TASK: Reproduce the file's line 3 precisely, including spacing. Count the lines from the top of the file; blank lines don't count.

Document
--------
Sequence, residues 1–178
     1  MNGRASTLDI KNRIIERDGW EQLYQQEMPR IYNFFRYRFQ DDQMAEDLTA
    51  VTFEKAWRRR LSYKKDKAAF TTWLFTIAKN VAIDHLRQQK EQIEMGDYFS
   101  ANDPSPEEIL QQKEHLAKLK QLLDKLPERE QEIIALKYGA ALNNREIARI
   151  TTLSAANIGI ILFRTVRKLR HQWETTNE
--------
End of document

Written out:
    51  VTFEKAWRRR LSYKKDKAAF TTWLFTIAKN VAIDHLRQQK EQIEMGDYFS